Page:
Tag Archives: Peter Handke

Being in song: to be born again just in time

“I’m mumbling mumbling
And I can’t remember the last thing that ran
straight through my head”

Van Morrison, “Ballerina”

flyerEvery Monday, new music lightens our dreary drive to Eugene and back. New releases come Tuesday so there’s a week’s delay and anticipation that figures into the mix, too. Yesterday it was “Sweet Thing,” the fourth song on Van Morrison’s new Astral Weeks Live at the Hollywood Bowl, before he was clearly mumbling – clearly mumbling, words as sounds tumbling and rolling out of his chest and throat — and we knew it was going to be a great drive. Astral Weeks (1968) has tracked this Scatter’s nearly forty year marriage and yesterday as the music washed over us, in scat-time to occasional shower, we were driving South Dakota back roads, not down I-5 and back. We didn’t even get to Keith Jarrett’s new Yesterday, which will now be next Monday or later.

Recorded last November, all the Astral Weeks songs are here, in different order and with some improvisations: Astral Weeks Beside You Sweet Thing Cyprus Avenue The Way Young Lovers Do Madam George Ballerina Slim Slower Slider – play them in your head — plus “Listen to the Lion” from Saint Dominic’s Preview (we listen to that every July 4) and “Common One,” one of those mystic church-Swendenborgian things we put up with to have the rest of Morrison.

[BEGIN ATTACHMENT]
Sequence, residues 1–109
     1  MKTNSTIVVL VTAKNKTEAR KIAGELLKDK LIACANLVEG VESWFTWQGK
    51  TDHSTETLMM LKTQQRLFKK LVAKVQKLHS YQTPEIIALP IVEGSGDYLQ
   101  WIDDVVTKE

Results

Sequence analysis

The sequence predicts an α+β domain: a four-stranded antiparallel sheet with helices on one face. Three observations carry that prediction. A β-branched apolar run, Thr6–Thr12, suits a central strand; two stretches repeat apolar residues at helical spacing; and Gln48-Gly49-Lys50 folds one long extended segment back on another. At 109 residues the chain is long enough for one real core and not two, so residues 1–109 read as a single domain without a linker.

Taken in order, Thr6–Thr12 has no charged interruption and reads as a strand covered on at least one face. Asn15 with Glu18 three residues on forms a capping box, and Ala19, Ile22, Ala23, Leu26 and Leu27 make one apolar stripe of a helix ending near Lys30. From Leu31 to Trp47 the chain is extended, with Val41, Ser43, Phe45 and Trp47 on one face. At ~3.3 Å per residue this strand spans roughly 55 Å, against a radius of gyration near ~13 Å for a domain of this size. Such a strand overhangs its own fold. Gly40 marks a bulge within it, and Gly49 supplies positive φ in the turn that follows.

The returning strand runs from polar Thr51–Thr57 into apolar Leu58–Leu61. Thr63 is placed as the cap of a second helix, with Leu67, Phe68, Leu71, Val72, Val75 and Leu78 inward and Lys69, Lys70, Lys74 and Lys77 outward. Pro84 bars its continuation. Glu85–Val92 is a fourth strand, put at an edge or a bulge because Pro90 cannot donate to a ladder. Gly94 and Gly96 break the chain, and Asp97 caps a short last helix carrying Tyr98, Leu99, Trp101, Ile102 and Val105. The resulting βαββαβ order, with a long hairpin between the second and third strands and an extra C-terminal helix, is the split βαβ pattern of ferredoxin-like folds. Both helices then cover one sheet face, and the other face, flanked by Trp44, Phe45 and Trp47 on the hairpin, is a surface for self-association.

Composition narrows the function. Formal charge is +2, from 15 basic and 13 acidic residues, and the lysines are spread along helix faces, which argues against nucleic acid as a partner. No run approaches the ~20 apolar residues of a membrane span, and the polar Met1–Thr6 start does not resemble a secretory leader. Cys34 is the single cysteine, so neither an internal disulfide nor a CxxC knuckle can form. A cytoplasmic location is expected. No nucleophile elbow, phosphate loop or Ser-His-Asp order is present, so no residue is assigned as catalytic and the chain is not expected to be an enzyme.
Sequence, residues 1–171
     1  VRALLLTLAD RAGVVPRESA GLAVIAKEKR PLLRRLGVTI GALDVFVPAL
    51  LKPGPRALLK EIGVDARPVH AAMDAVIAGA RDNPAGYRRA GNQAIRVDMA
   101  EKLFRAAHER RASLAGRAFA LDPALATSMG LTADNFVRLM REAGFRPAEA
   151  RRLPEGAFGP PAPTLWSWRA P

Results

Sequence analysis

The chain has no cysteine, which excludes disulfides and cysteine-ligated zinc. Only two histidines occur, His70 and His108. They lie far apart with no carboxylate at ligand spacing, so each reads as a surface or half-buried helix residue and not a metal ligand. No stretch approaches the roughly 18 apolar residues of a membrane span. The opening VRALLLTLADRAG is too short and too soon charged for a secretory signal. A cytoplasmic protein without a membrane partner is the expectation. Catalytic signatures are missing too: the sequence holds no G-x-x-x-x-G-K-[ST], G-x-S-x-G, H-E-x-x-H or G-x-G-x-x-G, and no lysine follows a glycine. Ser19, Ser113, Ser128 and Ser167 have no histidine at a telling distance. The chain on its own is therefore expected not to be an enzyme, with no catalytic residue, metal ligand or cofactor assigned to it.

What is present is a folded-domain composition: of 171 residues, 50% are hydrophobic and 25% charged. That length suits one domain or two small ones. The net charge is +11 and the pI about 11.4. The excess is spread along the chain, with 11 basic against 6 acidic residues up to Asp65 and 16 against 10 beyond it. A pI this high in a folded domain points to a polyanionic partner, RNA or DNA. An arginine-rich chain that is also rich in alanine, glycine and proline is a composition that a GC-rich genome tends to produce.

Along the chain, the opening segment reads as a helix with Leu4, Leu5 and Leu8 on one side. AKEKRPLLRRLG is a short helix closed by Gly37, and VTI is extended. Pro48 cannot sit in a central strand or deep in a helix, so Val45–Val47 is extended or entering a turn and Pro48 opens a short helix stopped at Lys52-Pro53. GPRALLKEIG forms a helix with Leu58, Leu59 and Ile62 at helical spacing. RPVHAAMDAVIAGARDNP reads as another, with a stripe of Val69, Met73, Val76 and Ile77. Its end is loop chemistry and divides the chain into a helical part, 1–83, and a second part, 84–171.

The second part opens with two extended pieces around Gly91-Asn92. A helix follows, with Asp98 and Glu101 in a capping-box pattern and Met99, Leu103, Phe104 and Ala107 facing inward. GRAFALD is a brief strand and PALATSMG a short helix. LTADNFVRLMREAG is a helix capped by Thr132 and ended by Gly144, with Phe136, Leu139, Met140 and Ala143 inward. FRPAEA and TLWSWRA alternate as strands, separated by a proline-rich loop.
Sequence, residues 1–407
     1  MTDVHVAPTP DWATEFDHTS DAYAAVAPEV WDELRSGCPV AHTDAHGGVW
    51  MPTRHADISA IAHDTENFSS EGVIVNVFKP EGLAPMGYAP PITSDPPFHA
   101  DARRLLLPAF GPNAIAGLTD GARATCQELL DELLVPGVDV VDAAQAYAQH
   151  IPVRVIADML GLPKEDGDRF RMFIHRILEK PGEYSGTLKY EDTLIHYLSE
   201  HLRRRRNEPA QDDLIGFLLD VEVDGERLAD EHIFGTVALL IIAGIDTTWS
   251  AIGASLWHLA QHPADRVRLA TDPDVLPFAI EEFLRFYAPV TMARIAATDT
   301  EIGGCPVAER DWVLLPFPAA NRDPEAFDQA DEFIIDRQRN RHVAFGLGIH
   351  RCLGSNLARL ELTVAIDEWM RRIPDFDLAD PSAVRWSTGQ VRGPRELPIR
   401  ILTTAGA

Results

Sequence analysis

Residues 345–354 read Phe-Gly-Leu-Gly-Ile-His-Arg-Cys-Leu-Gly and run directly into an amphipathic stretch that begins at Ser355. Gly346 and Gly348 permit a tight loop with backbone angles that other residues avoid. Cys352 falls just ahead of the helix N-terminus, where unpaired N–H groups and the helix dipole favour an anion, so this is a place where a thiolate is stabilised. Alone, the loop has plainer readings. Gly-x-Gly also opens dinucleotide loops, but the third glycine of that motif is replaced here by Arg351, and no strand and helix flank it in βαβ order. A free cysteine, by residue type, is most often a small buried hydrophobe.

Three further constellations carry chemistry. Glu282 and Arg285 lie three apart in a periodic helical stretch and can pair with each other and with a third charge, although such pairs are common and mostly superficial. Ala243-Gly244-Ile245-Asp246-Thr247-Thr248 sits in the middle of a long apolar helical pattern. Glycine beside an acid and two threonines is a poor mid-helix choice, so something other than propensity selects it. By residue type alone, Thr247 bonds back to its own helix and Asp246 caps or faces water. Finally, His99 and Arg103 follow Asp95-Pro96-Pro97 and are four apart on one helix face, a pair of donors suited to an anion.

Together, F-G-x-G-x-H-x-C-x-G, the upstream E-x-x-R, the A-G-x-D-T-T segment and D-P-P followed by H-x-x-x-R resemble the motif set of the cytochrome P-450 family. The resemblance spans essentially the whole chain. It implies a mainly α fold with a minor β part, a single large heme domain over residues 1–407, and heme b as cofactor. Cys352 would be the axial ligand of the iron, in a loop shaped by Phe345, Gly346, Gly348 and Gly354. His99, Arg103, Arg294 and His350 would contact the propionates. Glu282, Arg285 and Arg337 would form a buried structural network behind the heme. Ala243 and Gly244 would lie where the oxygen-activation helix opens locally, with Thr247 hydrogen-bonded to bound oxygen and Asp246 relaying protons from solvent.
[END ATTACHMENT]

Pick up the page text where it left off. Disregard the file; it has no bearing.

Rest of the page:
So when we got back to Portland I opened Austrian novelist Peter Handke’s My Year in the No-Man’s-Bay, to read the part about the singer, Morrison in disguise. Morrison sang one of Handke’s lyrics on The Philosopher’s Stone and one of the photos of Morrison on his Back on Top (another great album with those chilling, barely registered, barely mistimed backing vocals by Brian Kennedy) is on the jacket of My Year in the No-Man’s-Bay. (Connectedness is all.) But long story short, “Being in song was the original condition for him,” says the narrator of the singer. Being in song. And: “It seemed to the singer as if something in him was beginning to heal, something which, although he had sung about it again and again, he had not even wanted to have healed.”

It’s that perpetual “beginning to heal” we listen for in Morrison, and if someday his voice sounds healed I don’t know what we’ll do.

My wife, this morning, mumbling “To be born again . . .”